“I’m not really fussed about any of the opposition. I feel I can beat every single one of them that’s in this competition.

“With that being said, they’re all good fighters, with good amateur careers and very tough fighters. They’re all undefeated, I think. Yeah it’s stiff opposition but I’m fully confident I’m going to come away with the trophy.”

With the World Boxing Super Series being a tournament, Taylor already knows who he could face in the semi finals should he over come Martin. He will face the winner of Ivan Baranchyk v Anthony Yigit who are fighting for the vacant IBF world championship.

Does Taylor have a preference?

“I don’t care. I think Baranchyk will probably get through that and if so I’m confident I can win that.

“And if Yigit wins it I know I will win that fight as well. I’ve had experience of him in the ring as a professional and experience of him in the amateurs as well. So I’m fairly confident of winning that fight so I’m not bothered who I face.”

With all indications pointing to a packed Hydro Arena backing Taylor, few would bet against him beating Martin and making it to the semi final for a chance at his first world title shot.

The hopes of Scotland rest on his shoulders to add another world champion to a list that includes Benny Lynch, Ricky Burns, Jim Watt and Ken Buchanan.

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WBSS Preview: Tete vs. Aloyan; Tabiti vs. Fayfer


By: Ste Rowen

After last weekend’s fights in Yokohama, the World Boxing Super Series for the bantamweights and super-lightweights is well underway. Naoya Inoue and Kiryl Relikh, progressed through to their respective weight-class tournaments and this weekend in Ekaterinburg, Russia the second bantamweight quarter-final between WBO champion, Zolani Tete and Russian, Mikhail Aloyan takes place for the right to face either WBA champ, Ryan Burnett or Nonito Donaire at the semi-final stage.

Tete, the South African responsible for the quickest knockout in world title fight history (11-second wipe-out of Siboniso Gonya) shot himself into the wider audience’s view after he defended his IBF super-flyweight title for the first time, against Paul Butler, stopping the challenger in eight rounds.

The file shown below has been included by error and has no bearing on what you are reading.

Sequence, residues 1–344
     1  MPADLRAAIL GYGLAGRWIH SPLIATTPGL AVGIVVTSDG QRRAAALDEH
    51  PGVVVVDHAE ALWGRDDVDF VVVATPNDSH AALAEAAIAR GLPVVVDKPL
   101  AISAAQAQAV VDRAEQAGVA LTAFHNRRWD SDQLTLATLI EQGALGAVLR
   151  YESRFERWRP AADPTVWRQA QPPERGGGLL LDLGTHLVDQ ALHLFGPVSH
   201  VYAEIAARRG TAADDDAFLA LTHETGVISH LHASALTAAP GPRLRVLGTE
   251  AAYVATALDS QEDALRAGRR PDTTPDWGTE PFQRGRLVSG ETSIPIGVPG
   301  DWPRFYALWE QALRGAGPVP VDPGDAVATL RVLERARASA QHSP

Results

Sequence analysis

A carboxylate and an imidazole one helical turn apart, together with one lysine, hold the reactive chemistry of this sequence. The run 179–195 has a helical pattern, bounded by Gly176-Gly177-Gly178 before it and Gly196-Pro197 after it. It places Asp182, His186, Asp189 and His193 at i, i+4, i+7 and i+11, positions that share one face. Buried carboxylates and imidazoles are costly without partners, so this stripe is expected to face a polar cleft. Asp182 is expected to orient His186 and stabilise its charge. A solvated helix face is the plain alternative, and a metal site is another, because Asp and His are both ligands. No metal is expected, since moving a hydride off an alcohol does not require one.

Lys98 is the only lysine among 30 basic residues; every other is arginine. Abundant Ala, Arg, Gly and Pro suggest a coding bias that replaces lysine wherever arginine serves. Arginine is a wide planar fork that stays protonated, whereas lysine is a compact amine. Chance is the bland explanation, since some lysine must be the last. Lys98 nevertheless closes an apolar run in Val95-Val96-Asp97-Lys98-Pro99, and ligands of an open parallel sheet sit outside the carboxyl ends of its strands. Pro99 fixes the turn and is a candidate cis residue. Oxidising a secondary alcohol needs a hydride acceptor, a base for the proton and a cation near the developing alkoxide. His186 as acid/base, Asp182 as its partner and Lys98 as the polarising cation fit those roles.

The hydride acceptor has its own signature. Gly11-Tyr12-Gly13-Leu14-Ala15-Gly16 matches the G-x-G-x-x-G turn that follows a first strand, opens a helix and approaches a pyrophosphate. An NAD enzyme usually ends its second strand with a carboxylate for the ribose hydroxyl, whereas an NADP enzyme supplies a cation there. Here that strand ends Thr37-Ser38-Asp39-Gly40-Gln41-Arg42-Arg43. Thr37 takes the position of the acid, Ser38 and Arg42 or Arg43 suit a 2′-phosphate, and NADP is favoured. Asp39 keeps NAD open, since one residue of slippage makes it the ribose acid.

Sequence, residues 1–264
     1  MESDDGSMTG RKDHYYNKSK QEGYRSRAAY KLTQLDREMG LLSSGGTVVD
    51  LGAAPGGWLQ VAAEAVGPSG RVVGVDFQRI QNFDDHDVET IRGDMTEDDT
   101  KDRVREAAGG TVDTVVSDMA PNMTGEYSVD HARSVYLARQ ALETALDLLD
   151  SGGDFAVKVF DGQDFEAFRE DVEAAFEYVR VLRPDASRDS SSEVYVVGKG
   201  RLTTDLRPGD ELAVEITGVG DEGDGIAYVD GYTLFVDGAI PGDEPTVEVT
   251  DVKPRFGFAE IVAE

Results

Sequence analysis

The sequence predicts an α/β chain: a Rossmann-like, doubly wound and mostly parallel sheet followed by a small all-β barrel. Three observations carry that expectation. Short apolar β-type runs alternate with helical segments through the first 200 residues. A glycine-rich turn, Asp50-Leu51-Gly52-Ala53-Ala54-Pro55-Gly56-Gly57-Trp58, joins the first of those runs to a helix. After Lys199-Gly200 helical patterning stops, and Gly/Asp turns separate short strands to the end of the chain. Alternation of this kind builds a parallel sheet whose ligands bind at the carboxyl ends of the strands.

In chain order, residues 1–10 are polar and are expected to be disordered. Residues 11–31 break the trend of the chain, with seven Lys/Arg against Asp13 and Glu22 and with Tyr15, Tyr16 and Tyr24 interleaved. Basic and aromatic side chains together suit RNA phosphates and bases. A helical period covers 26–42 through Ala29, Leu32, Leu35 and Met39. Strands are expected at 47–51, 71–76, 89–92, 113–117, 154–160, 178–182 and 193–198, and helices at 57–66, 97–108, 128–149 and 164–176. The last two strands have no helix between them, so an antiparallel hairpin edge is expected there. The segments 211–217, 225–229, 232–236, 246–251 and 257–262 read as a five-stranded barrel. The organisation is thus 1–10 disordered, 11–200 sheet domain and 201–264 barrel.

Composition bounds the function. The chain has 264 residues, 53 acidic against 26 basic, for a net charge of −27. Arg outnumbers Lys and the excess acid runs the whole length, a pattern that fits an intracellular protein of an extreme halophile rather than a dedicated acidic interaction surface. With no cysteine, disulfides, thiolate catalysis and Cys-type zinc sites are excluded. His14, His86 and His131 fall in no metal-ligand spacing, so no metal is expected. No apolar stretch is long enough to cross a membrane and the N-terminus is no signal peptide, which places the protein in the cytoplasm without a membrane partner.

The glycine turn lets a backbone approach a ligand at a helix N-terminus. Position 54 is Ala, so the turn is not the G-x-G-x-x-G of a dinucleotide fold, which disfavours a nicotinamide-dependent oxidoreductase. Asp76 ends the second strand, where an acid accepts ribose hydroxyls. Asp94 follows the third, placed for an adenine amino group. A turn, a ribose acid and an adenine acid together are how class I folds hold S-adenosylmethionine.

Photo Credit: World Boxing Super Series Twitter Account

Zolani decided against chasing unification, opting to have two homecoming bouts, returning to England 12 months on from the Butler win, and seek out the best at bantamweight. He would eventually achieve his aim of becoming a two-weight world champion after that same record-breaking Gonya KO meant Tete became the new WBO world champion, putting the rest of the division on notice.

Despite an underwhelming 12-round decision, first defence over Omar Andres Navaez, the South African southpaw, speaking at Thursday’s press conference, is confident he can score the knockout this Saturday,

‘‘As a world champion you need to adjust and adapt in each and every style that a boxer brings…Aloyan is one of the best fighters in the Super Series. I believe it’s going to be a good fight and definitely I’m gonna take him out…Whatever he is bringing, it won’t have any place to stay.

My focus is to become a unified world champion.’’

Zolani, 27-3 (21KOs) currently on a run of 11 straight wins, even set his future ambitions further than the WBSS,
‘‘After I win all the belts in the bantamweight division, we’ll move up to the next division.’’

Tete’s opponent on Saturday night has an interesting history. Born in Armenia but raised and fought for Russia in the amateurs, Mikhail Aloyan, 4-0 (0KOs), was an outstanding amateur picking up gold medals in the 2009 & 2016 World Championships. Aloyan briefly added the 2016 Olympic silver medal until tests came back positive for the stimulant, Tuaminoheptane and the Court of Arbitration of Sports ruled on stripping the silver from Mikhail.